Worse still, decisions are now being made by FF and FG politicians who were turfed out of office at the General Election and as FF and FG battle to hold on to the reins of power, politicians who should now be on the dole are still pocketing generous wages and expenses.

The fox is partying in the hen house.

What a plot the scenario would make for a movie. But having been encouraged to go out and vote, the teens and their friends now find that the election winners are being treated as losers.

Add all that to the fact that we have a two-tier and dangerously broken health system, that, up to now at least, politicians are not serious about solving the homelessness crisis or indeed protecting people from being evicted from family homes.

Skin off bodies

How could our youth and indeed all of us expect anything different? After all it was Fine Gael who welcomed the vultures to scrap for the skin off the bodies of evicted families.

Our mostly well-educated young people will be well aware that politicians at all levels have no problem lashing out lies to us.

Young heads must be spinning on the shoulders of huge numbers of our future generation who will be well aware that courageous leadership is a no, no in our country.

They will be well aware of the way the women of Ireland were disgracefully treated in the Cervical Cancer Scandal and they will note that at this time nursing home patients are being treated as lepers of old were avoided and allowed to die.

They will know too that politicians and medical experts have made serious gaffs in their handling of our Coronavirus survival programme.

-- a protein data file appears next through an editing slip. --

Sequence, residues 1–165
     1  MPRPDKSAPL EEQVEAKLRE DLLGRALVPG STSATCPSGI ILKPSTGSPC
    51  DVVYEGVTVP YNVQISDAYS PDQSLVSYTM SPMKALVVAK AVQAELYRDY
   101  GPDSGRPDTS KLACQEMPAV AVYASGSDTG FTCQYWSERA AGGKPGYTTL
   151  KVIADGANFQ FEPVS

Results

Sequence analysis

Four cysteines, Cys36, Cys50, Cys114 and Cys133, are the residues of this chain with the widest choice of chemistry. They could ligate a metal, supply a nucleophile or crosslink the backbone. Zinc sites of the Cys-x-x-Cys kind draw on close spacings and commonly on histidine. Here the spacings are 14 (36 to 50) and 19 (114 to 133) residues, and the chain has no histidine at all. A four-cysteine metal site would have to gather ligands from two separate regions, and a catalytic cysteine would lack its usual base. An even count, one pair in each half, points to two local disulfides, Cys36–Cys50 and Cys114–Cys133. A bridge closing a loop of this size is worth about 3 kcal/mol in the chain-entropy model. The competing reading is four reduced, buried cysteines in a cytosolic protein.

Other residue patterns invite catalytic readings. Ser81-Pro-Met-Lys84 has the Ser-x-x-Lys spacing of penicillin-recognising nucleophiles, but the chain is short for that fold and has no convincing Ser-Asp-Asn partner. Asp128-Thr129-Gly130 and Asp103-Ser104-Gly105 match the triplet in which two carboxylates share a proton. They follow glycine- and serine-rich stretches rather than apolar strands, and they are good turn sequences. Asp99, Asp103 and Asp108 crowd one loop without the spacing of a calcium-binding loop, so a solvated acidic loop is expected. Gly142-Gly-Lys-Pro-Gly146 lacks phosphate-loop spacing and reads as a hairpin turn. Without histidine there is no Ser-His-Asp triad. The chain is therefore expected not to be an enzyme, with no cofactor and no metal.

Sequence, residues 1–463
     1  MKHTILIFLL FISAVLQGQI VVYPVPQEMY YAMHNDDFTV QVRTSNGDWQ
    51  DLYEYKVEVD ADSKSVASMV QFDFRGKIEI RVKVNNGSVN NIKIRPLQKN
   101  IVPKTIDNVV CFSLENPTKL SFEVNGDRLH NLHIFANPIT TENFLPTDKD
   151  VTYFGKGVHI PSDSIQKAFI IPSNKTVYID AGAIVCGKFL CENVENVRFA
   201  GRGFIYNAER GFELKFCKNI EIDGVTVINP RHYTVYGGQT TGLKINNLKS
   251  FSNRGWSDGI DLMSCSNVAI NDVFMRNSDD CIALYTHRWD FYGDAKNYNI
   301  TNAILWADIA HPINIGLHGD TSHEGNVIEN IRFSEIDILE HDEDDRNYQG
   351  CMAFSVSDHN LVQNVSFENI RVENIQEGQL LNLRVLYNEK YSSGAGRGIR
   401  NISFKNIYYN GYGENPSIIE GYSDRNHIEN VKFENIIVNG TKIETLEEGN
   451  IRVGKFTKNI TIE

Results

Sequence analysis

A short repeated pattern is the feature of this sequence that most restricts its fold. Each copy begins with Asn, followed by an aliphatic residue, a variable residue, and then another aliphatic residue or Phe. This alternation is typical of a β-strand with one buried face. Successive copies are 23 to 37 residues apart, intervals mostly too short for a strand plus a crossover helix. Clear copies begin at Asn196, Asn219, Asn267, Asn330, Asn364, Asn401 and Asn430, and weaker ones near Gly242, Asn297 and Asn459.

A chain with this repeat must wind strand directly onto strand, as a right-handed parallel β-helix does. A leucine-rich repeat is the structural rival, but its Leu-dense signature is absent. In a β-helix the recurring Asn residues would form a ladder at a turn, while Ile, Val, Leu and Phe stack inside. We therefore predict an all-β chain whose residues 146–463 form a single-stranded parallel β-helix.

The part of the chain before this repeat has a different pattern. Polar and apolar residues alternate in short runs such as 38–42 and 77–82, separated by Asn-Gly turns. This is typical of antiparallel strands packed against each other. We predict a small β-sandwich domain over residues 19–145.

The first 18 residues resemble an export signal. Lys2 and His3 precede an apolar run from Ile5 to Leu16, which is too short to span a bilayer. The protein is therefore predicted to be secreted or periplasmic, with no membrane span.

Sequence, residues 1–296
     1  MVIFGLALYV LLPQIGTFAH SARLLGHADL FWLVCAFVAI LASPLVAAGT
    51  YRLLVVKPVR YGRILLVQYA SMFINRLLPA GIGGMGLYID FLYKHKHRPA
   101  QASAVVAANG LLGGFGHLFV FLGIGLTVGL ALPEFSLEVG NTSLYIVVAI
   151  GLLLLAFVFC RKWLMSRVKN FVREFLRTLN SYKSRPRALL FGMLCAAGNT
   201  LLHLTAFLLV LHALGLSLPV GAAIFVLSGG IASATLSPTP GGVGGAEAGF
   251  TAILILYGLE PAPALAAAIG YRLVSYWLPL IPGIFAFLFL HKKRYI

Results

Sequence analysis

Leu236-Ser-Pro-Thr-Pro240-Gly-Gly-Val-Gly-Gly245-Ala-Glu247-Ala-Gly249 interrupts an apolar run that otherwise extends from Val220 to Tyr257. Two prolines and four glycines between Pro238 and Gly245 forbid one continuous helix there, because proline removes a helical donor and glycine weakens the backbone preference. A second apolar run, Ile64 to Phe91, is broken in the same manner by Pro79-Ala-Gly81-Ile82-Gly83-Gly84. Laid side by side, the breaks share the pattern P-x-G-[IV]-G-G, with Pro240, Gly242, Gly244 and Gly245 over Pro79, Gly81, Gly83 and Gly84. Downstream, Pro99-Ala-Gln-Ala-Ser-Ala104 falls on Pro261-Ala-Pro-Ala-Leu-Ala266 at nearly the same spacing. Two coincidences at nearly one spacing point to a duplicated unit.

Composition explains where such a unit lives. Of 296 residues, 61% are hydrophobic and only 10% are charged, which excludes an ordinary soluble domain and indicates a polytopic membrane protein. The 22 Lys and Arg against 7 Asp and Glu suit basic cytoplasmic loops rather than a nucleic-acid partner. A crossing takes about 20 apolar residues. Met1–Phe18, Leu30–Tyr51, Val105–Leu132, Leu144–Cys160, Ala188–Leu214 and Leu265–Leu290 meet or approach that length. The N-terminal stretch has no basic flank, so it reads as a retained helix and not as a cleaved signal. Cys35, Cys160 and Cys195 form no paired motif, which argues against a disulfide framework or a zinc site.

Major mistakes included letting Cheltenham Racing followers back into our country without testing, allowing Italian rugby supporters to party here at the height of the crisis.

Amazingly, there are those who would give divine status to Varadkar, Harris and Holohan as paragons of brilliance while there are others who would accuse them of making it up as they go along.

Masquerade as leaders

Compare the deaths for Ireland and New Zealand, a country quite similar to our own in many ways, and you will get the drift of our thoughts, and perhaps you will better understand the feelings of our young.

Reality is that young people may just feel that the carry-on of adults who masquerade as leaders is unacceptable, is leading nowhere, and hence what the latter say or do may understandably be falling on deaf ears.

Think about it, if you were 18, 22 or 26, would you trust or even respect those who would feed you lies (promises), looking after wealthy boys’ and girls’ clubs and treating the rest of us as slaves to pay taxes to fill their greedy pockets.

We doubt it.

We again appeal to the goodness of our youth to do what needs to be done to protect themselves, their parents and grandparents.

Huge numbers of young people have great potential but if leadership continues at the low level that we are now experiencing the only place they are heading is to a cul de sac.

The lyrics of Scorn Not Their Complicity, ie the young people’s actions of partying regardless, may one day define us as a country.

Power brokers and pseudo leaders may not be happy with any epitaphs on their tombstones.